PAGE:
National Lost Pet Prevention Month

Have you ever experienced the helpless and terrifying feeling of frantically searching for your lost pet?  Maybe they got lost in town when they darted out the front door; or in the woods while out for a walk.  Perhaps you were on vacation and they were lost in an unfamiliar environment.  Pets may become frightened in places and around people they aren’t familiar with, or when they hear loud noises such as fireworks.  No matter what the situation was, after your pet was found, we bet you took steps to prevent it from ever happening again; as well as making it easier for them to be returned to you.  July is the perfect month to talk about this as many people are vacationing with their pets or spending much more time doing outdoor activities with them. 

First and foremost, it is important to try to eliminate the chance of your pet getting away from you in the first place.  Whether you are at home or vacationing somewhere, it is very important to keep a collar or harness with pet identification tags on your animal.  Make sure the collar cannot be easily slipped over the head and that the pet tags have your pet’s name, your name, and your phone number on them.  If your pet has had a rabies vaccination, keep that tag on them as well.  These typically have your vet clinic’s phone number on them, as well as an identification number that can be traced back to you in their system.  Keep a leash on your dog when in an unfenced or unfamiliar area, especially when there are other dogs in the vicinity. 

More and more lost pets are being reunited with their families due to the known effectiveness of “micro-chipping.”  A microchip is a very tiny device (about the size of a grain of rice) that can be implanted under your pet’s skin with the equal simplicity of a routine vaccination.  Each device has a unique identification number that can be read by using a small handheld scanner possessed by most vet clinics and animal shelters.  The implantation process itself, however, is just the first step.  The second, and very important step, is that you enter your pet’s microchip number, along with your name and contact information, into a “pet recovery database”.  (You will be given information and instructions for this from the vet clinic or shelter that placed the microchip).  It is crucial that you keep this information up-to-date so you can be located in the event your pet gets lost. On the flip-side of this, if you ever find a stray animal, take them to your local vet clinic or shelter and ask them to scan the animal for a microchip.  You may be able to play a part in reuniting a pet with its owners!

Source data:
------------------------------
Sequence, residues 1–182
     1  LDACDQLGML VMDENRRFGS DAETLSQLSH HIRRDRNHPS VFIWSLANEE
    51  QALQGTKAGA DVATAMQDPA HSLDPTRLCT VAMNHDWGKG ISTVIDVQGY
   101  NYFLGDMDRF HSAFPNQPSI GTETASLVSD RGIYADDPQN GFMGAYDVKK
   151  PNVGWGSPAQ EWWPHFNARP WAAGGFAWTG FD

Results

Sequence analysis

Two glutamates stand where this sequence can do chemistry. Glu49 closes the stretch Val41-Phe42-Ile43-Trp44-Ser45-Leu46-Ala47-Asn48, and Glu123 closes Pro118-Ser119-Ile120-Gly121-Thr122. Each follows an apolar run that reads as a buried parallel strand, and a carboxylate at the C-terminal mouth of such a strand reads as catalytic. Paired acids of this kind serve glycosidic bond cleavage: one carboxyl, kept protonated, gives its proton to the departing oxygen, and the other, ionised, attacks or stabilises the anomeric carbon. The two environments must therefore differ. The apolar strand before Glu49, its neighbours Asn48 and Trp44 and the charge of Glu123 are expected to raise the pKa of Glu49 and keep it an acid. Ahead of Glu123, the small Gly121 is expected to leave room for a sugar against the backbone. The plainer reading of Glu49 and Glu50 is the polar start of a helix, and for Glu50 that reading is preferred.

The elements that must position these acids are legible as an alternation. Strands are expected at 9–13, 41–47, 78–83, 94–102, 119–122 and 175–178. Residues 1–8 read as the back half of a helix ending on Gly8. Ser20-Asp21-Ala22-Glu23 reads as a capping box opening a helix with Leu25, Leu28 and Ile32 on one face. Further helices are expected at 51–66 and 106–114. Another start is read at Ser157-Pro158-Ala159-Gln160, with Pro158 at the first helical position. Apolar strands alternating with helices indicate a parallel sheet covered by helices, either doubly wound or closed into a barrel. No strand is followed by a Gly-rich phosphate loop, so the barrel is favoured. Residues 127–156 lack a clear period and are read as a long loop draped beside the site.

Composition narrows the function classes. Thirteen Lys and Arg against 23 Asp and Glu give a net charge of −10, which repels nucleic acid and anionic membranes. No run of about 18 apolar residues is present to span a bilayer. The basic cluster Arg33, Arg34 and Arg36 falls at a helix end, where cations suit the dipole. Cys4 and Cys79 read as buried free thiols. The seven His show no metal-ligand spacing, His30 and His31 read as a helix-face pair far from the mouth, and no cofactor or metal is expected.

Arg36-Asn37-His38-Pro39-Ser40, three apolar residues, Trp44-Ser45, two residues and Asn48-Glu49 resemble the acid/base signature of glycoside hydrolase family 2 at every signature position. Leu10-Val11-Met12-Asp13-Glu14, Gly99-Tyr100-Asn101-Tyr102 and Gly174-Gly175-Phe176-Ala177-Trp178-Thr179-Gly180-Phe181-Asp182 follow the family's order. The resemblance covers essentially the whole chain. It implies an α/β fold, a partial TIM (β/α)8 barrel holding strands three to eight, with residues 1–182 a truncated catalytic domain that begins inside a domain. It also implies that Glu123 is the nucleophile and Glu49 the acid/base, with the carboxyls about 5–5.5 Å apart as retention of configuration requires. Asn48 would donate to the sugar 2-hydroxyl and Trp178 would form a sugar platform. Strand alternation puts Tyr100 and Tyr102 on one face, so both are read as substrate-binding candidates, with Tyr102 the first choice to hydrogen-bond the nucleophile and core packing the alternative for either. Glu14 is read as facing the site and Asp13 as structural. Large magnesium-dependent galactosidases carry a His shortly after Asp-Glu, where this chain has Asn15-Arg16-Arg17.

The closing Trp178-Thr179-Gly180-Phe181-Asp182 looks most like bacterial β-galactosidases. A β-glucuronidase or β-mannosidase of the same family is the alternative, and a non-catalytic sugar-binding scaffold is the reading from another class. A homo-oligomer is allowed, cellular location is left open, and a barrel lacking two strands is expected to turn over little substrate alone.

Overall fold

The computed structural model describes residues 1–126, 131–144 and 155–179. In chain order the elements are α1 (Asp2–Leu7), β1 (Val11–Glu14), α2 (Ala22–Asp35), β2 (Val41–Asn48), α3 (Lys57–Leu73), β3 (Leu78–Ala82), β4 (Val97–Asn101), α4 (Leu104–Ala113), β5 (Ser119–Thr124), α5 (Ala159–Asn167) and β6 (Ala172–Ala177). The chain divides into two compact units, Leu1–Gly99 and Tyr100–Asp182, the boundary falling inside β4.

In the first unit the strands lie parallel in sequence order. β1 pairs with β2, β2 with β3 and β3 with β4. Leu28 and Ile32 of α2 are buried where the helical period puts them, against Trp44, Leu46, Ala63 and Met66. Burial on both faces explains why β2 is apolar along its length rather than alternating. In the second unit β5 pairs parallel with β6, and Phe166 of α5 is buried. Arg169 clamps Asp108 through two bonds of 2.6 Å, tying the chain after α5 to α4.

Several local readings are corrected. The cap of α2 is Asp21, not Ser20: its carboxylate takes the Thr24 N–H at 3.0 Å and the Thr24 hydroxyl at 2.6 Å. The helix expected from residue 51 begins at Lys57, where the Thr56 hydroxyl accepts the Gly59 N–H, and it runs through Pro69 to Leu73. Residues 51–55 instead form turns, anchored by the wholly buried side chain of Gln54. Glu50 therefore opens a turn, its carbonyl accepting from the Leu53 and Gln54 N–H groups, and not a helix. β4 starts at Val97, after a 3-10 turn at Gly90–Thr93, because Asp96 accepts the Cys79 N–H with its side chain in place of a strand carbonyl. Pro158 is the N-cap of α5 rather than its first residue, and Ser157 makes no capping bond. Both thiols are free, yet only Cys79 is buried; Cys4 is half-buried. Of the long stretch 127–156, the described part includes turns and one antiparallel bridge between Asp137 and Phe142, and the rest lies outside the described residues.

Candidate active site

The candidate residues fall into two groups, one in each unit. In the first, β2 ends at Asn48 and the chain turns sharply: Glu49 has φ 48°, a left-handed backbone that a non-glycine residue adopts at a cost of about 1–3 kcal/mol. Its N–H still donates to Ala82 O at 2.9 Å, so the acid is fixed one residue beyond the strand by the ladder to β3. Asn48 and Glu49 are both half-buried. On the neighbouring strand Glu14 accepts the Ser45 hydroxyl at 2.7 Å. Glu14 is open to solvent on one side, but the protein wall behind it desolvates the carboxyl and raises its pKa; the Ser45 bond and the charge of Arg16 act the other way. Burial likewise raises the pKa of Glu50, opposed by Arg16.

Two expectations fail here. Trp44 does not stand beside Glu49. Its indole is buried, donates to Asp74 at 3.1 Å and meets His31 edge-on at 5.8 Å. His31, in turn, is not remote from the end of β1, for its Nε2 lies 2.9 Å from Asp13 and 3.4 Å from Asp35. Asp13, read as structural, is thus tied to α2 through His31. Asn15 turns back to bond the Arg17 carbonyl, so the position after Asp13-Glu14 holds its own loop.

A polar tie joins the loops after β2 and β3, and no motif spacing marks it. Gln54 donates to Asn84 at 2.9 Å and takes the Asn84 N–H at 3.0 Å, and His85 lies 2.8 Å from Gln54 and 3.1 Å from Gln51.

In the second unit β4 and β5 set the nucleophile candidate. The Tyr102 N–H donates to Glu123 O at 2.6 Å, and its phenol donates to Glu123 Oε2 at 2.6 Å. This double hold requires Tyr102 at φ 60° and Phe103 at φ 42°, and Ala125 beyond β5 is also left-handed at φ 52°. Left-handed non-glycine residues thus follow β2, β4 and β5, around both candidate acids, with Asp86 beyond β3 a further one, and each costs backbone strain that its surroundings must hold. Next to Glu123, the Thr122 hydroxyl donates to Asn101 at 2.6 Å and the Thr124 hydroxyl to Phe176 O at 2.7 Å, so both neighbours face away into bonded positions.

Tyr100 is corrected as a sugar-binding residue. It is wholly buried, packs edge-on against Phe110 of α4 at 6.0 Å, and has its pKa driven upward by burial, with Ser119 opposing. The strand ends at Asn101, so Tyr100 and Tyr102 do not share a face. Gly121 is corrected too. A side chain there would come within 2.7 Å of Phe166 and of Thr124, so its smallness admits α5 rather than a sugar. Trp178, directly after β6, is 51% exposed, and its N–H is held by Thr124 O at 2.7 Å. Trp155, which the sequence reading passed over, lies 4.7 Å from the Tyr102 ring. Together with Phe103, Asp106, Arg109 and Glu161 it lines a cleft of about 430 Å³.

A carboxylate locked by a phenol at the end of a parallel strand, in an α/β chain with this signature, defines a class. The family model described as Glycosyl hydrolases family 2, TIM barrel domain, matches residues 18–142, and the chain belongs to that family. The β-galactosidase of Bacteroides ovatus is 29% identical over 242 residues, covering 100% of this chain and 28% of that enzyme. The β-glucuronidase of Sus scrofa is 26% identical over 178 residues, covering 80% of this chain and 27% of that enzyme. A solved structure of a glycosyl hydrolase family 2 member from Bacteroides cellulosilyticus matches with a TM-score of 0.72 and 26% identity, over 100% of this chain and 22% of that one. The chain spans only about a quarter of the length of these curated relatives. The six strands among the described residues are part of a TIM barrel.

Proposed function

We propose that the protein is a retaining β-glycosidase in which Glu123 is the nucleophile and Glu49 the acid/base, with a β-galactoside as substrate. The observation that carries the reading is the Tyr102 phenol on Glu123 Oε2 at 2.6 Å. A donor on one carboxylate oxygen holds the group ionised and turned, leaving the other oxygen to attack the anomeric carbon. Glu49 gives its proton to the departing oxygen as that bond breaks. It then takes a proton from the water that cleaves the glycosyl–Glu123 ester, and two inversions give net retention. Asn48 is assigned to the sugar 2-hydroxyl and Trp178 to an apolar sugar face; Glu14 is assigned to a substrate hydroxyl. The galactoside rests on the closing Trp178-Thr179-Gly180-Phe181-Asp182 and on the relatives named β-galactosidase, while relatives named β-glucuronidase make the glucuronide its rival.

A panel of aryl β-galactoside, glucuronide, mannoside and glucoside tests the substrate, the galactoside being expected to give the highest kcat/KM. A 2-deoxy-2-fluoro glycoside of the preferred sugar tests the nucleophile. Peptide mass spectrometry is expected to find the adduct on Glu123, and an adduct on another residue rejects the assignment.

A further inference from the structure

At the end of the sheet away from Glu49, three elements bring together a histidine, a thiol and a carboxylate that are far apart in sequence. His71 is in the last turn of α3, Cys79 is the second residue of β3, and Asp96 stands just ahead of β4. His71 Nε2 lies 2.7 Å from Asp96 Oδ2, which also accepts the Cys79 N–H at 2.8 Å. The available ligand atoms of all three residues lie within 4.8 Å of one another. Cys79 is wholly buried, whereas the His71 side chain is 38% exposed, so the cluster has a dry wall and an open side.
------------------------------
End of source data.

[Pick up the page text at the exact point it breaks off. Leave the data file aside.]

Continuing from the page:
Another identification technique, although not as popular, is tattooing.  Some owners will actually have an identification number tattooed on their pet in the right ear as it is easily visible.  This number is put in a pet recovery database the same way a microchip number would be with the owner’s contact information.  As aforementioned, this technique is not as popular.  It is more difficult to find a facility that will perform this procedure. 

As a reminder, make sure your pet is safely secured as we enter into the “fireworks season”.  Although we think they’re beautiful and fun, our pets typically find them terrifying!  A happy pet is a safe pet! J